Louis Vuitton’s Unveils A 20th-Anniversary Tribute To Its First Timepiece
The new Tambour Twenty is a redux version of the 2002 original.
At the turn of the millennium, Louis Vuitton was a luxury fashion brand with virtually no connection to the world of horology. That changed in 2002 with the introduction of the Tambour, an automatic GMT housed in a round 39.5mm round stainless steel case, instantly recognisable for its drum-like appearance (like the Japanese taiko drums that inspired it).
The Tambour’s production coincided with the opening of a Louis Vuitton workshop in La Chaux-de-Fonds, the heart of Switzerland’s watchmaking region, signalling the brand was serious about its ambitions.
Now, on the 20th anniversary of that timepiece, Louis Vuitton has introduced the Tambour Twenty, a redux version of the original boasting the same drum-like case in a slightly larger 41.5mm stainless steel case, 12 letters spelling the name “Louis Vuitton” across the numbers and indexes and an LV277 high-frequency movement based on the El Primero, the first automatic chronograph, famously produced by Zenith, Louis Vuitton’s sibling brand in the LVMH stable.
“Watch enthusiasts will recognise all the features that made the Tambour’s design so unique,” Jean Arnault, marketing and development director for Louis Vuitton watches, said in a statement. “While this limited edition is a true concentrate of everything that made this watch stand out, it also boasts brand new features that will set it apart for collectors. To me, as well as celebrating our anniversary, this watch also paves the way for many future decades of fine watchmaking, staying true to Louis Vuitton’s values of creativity, craftsmanship and excellence.”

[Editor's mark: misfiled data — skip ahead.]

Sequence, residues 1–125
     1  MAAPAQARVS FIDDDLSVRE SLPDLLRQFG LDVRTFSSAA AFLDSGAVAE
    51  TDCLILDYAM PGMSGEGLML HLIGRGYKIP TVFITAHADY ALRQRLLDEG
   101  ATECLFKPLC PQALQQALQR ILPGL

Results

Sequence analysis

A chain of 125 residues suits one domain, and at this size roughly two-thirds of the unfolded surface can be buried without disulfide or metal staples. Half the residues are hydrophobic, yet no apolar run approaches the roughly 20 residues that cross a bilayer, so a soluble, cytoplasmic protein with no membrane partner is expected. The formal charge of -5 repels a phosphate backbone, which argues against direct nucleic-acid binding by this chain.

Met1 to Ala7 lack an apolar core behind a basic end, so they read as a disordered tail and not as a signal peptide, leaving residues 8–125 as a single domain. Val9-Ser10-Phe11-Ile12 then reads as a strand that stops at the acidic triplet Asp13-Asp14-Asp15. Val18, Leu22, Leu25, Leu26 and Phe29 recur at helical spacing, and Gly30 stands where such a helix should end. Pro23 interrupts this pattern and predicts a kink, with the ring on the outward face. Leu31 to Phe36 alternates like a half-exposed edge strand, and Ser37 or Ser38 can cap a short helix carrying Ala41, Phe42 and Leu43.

With its brown sun-brushed dial and the chronograph’s long yellow hand glides—evoking the yellow threads historically used in Louis Vuitton’s leatherwork—the Tambour Twenty brings the iconic watch back to where it all started. But oh, what a journey it’s been.
Produced in 23 iterations, one for every year the model has been around (and two each for 2021 and 2022), the Tambour has lived scores of horological lives. It’s been a chronograph, a tourbillon, a dive watch, a sailing watch, a jumping hour watch, a mysterious movement, a minute repeater, a flying tourbillon, a GMT, a work of art and a connected watch.
All of which begs the question: Is there anything the Tambour hasn’t been?
The commemorative chronograph, which comes with a 22-carat gold rotor and 50 hours of power reserve, is available for approx. $26,350 in a limited and numbered edition of 200 pieces, accompanied by a miniature Louis Vuitton trunk in Monogram canvas.
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